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Vegas council votes to extend criminal penalties to sidewalks not covered by encampment ordinance

Shannon Miller
Shannon Miller
Kristyn Leonard
Kristyn Leonard
Local Government
Opponents of Vegas homeless ordinance

The Las Vegas City Council on Wednesday passed an ordinance to allow city officials to “designate hours of sidewalk cleaning” in areas that are not already covered by an approved ordinance that makes it illegal to sit or lie down in many parts of town.  

During the designated hours, those who refuse to pack up and move will be subject to fines up to $1,000 or arrest. Mayor Carolyn Goodman, who proposed the law, and other city officials say that it is necessary to prevent disease outbreaks that can arise from rotting food, human waste and discarded drug paraphernalia such as syringes. 

The ordinance passed with only one vote in opposition from Councilwoman Olivia Diaz, who represents Ward 3 that includes the downtown area. Councilman Brian Knudsen was not present for the vote but did later say he would have voted against the ordinance.

Deputy City Attorney Jeff Dorocak, author of the proposed ordinance, distinguishes the sidewalk cleaning bill from a similar ordinance passed in November, which was intended to prevent sitting and camping activities on sidewalks. He said that the ordinance that is up for adoption on Wednesday is primarily to give the Department of Operations & Maintenance the ability to clean areas where encampments would be “still available,” such as sidewalks or parking lots in commercial or industrial areas in the city.  

“The encampment bill was about taking sidewalks and preventing them from being used,” Dorocak said in an interview on Monday. “We needed to build a procedure there to direct [offenders] to services.” 

A notable difference between the two bills is the absence of guidelines for law enforcement to first direct the offender to services or areas not subject to the ordinance, and then escalate to ticketing and arrest if the individual does not comply. Under the encampment bill, these guidelines prevent city marshals and patrol officers from having to transport or throw away tents, documents, medication, pets and other personal belongings, and prevent having to issue criminal penalties when a simple warning suffices to get them to move. 

“We drafted [the sidewalk cleaning bill] purely for the point of cleaning sidewalks. We didn’t build anything in there to direct homeless [people],” Dorocak said, adding that the bill was intended for “belligerent” offenders who refused to move when asked by department employees. 

City spokesman Jace Radke said that the city’s street outreach teams accompany the cleaners to help direct homeless individuals to services. City officials have said that members of law enforcement who are on the outreach teams, including Metro officers and marshals from the city’s Department of Public Safety, do not enforce the encampment laws and are solely for protection of the other outreach team members, and that enforcement of the encampment law will fall to patrol officers when criminal penalties go into effect on Feb. 1.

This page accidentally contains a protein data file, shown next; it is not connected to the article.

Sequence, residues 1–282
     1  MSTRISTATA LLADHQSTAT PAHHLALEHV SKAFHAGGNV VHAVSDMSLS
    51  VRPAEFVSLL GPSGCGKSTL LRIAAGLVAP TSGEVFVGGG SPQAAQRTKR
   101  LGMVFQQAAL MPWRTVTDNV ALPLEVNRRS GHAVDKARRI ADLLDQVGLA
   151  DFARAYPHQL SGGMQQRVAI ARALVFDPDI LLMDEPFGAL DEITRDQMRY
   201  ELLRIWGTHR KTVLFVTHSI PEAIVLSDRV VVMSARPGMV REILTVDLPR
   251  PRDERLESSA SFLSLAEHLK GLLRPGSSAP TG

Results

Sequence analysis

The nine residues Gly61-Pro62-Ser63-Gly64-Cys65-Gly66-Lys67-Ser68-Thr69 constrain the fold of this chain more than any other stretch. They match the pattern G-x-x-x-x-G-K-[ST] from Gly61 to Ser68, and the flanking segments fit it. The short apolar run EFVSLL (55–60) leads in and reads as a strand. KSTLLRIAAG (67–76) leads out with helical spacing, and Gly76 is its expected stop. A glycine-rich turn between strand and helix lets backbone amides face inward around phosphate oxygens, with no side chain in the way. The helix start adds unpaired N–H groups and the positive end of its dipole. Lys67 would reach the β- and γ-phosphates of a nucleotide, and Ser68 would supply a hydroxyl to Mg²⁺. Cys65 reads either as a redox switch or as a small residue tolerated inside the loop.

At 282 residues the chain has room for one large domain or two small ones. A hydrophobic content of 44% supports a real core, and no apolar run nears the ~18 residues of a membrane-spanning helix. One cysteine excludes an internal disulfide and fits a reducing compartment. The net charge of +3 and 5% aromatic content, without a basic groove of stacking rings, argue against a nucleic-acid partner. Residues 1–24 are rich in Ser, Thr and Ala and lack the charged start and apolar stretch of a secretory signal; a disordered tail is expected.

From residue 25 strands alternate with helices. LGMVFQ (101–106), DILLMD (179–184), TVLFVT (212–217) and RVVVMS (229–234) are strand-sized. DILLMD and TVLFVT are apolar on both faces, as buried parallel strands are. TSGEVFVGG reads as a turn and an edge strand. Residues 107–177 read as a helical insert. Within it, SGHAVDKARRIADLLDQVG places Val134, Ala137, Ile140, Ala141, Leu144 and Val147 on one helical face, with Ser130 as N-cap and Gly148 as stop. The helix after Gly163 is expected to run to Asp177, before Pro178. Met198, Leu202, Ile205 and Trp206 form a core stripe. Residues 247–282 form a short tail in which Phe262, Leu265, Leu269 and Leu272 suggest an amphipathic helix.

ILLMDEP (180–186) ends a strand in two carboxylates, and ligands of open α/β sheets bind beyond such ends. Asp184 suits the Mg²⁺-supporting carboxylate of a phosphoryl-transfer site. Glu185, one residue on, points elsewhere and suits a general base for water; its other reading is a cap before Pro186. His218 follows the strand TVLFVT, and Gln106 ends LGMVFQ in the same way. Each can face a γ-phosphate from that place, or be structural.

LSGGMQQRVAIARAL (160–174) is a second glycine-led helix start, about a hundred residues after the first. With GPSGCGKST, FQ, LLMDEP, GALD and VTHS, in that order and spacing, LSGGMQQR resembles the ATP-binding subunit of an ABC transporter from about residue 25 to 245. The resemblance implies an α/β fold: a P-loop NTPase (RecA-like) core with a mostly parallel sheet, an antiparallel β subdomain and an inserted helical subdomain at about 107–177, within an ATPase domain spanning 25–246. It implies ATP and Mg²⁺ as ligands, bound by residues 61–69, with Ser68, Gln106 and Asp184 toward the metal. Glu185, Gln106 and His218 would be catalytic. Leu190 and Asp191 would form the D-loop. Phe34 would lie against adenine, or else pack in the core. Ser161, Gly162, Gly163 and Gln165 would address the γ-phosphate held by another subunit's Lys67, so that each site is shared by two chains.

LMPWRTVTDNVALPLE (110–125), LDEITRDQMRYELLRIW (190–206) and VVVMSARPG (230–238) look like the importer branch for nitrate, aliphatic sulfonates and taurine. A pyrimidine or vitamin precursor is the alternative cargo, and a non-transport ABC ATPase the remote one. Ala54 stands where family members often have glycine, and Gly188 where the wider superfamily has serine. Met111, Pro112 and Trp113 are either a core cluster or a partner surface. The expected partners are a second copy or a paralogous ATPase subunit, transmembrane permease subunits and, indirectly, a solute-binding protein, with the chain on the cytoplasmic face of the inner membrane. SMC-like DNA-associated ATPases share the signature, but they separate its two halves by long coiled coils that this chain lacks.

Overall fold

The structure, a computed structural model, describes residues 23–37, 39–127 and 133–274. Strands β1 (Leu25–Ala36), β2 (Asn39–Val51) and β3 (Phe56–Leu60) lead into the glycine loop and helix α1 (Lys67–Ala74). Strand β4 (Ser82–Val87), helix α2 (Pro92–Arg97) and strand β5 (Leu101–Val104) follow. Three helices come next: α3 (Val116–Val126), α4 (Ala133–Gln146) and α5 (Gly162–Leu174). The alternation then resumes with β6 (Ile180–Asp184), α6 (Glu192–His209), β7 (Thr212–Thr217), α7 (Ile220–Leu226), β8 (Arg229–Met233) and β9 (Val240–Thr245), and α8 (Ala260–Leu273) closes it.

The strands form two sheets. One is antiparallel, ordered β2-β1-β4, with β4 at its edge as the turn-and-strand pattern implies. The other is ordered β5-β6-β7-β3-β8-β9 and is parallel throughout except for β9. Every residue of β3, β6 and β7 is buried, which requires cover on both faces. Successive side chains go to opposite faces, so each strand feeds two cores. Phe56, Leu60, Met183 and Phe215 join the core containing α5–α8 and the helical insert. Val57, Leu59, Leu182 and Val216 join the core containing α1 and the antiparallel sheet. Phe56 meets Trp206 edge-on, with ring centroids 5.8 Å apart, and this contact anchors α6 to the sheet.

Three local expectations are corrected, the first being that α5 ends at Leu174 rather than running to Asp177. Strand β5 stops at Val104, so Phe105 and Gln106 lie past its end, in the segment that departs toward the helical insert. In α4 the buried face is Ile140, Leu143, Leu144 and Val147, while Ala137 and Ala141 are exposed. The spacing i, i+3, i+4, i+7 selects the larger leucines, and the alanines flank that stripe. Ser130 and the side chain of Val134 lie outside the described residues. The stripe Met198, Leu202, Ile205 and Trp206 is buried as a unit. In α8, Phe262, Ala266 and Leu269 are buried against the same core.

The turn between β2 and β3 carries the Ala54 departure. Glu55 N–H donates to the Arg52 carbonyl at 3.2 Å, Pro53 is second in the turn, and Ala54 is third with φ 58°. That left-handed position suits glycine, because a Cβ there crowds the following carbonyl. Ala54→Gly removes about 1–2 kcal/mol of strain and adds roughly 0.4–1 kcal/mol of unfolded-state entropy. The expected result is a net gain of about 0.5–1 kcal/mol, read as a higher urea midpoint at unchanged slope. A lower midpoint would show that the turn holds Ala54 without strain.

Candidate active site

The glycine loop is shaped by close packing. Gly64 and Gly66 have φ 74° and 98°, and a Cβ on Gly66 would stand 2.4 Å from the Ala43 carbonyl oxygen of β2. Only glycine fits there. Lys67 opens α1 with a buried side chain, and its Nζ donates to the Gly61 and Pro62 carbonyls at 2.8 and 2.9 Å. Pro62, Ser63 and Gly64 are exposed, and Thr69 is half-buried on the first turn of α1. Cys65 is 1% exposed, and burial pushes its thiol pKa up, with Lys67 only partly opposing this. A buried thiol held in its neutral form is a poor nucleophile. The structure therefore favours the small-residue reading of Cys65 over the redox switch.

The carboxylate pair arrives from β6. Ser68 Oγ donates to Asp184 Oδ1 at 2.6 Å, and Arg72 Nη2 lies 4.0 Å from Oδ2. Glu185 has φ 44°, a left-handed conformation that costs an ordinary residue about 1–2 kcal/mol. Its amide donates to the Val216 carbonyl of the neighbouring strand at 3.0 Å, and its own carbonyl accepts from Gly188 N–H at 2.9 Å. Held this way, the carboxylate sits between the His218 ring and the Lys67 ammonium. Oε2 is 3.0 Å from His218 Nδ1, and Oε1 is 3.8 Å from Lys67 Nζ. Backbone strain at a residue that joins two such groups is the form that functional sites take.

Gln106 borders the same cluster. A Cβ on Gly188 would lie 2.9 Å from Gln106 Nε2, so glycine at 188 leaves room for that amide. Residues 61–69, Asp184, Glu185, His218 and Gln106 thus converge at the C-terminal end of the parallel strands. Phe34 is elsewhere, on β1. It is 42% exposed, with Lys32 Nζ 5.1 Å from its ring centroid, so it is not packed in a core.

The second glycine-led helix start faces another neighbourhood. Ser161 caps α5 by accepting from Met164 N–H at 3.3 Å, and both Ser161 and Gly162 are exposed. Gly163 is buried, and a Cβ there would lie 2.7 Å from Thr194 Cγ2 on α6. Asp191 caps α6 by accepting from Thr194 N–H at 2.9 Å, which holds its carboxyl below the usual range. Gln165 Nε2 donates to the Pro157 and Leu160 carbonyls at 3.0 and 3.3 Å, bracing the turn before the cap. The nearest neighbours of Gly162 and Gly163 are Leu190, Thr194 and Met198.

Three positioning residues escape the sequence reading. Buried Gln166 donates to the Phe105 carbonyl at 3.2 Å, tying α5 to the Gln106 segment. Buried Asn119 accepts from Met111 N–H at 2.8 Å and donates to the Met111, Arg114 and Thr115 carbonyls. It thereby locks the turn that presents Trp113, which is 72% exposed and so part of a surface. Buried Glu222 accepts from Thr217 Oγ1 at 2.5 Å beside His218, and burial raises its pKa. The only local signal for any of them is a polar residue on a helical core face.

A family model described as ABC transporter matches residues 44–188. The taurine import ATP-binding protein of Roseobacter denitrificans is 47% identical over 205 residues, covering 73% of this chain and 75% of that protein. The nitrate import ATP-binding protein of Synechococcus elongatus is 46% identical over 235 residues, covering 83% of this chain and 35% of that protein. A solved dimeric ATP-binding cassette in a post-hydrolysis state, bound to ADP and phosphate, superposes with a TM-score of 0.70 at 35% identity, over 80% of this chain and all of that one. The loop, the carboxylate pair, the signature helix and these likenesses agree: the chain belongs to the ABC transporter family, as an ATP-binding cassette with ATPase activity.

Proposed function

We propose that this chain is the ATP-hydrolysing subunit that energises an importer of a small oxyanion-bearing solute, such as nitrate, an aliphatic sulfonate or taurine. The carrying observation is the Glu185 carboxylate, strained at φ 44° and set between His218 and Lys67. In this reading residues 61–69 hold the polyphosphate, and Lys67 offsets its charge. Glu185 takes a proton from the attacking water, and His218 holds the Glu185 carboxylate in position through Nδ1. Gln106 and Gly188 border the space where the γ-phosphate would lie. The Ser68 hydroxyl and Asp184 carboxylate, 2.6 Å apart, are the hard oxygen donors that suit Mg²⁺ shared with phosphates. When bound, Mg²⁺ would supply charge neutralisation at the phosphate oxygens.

“In the past, some have been resistant to moving to let the crews clean the sidewalks,” Radke said in an email on Tuesday.  

Language for city signage indicating cleaning times has not yet been decided. 

Protesters, who organized through Facebook, demonstrated outside of City Hall in response to the ordinance. Protests also took place within the meeting chamber, with activists speaking during the public comment portion of the meeting and chanting “housing not handcuffs” from the audience. 

Goodman initially silenced the audience by chastising protesters for their “disrespect” and threatening to have them escorted from the meeting by city marshals. When chanting picked up again at the back of the chamber following the passage of the ordinance, the protesters were removed.

Advocacy groups including the ACLU of Nevada, Progressive Leadership Alliance of Nevada and Nevada National Organization for Women have asserted that the sidewalk cleaning ordinance criminalizes homelessness as much as the encampment bill, even if the stated intent is purely to sanitize sidewalks.  

“What we feel, and most of the activists [at the annual State of the City address] felt, is that there’s no plan for what to do with the homeless population other than arrest them,” Jeri Burton, president of the Nevada National Organization for Women, said in an interview on Tuesday. 

“They’ve talked about building a bigger area at the Courtyard [Homeless Resource Center] ... [Mayor Goodman] announced that 800 beds would be added,” Burton said. “They’re talking several thousand homeless people in our community. There’s not [enough] room for what they know are the numbers of homeless people, and yet no plan or other options for them.”

Burton added that the ordinance will have a lifelong impact on those who are fined or arrested for violating the law, starting a cycle of fines that offenders can’t afford to pay. She takes the position of other activists — that homelessness deserves community-wide concern, but heaping criminal penalties on top of the issue does not make it any better. 

“We know it’s a problem, but I think that’s too simple of an answer to say ‘arrest them,’ instead of providing services,” Burton said. 

This story was updated at 4:15 p.m. on Jan. 15, 2020 to add developments from council meeting.

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